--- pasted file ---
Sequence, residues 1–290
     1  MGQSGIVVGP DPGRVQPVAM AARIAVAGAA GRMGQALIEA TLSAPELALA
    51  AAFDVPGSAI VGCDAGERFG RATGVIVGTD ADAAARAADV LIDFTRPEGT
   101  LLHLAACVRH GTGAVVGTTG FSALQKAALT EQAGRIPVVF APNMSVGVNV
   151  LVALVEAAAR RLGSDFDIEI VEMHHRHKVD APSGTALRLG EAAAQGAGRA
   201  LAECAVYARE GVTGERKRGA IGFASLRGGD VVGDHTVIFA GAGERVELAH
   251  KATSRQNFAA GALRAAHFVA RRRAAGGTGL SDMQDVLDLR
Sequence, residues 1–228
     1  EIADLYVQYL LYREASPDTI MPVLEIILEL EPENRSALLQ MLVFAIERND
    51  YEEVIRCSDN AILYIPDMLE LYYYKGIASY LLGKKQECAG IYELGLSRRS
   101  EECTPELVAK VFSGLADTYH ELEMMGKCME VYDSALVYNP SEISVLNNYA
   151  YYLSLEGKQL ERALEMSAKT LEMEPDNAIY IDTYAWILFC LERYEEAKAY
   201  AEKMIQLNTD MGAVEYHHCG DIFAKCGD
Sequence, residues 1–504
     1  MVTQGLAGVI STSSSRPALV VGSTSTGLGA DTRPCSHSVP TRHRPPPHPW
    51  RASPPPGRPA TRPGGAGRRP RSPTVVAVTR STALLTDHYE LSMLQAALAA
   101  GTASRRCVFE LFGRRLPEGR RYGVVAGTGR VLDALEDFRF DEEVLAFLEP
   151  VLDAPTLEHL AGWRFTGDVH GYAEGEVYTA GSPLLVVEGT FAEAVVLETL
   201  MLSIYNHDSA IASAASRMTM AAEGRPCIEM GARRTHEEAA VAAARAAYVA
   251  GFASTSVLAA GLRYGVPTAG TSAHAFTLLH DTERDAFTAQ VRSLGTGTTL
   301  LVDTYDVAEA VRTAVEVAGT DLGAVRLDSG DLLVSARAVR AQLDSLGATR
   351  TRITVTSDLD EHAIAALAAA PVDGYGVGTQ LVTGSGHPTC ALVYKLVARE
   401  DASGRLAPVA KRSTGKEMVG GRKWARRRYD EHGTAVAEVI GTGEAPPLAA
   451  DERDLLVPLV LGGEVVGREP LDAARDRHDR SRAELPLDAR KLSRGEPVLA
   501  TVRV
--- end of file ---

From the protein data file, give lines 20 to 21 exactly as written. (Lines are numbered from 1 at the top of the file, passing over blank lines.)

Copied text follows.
   251  GFASTSVLAA GLRYGVPTAG TSAHAFTLLH DTERDAFTAQ VRSLGTGTTL
   301  LVDTYDVAEA VRTAVEVAGT DLGAVRLDSG DLLVSARAVR AQLDSLGATR